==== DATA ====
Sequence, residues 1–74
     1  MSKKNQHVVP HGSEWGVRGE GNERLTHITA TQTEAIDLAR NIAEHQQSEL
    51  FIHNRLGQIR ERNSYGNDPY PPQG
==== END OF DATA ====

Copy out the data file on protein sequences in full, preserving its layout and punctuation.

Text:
Sequence, residues 1–74
     1  MSKKNQHVVP HGSEWGVRGE GNERLTHITA TQTEAIDLAR NIAEHQQSEL
    51  FIHNRLGQIR ERNSYGNDPY PPQG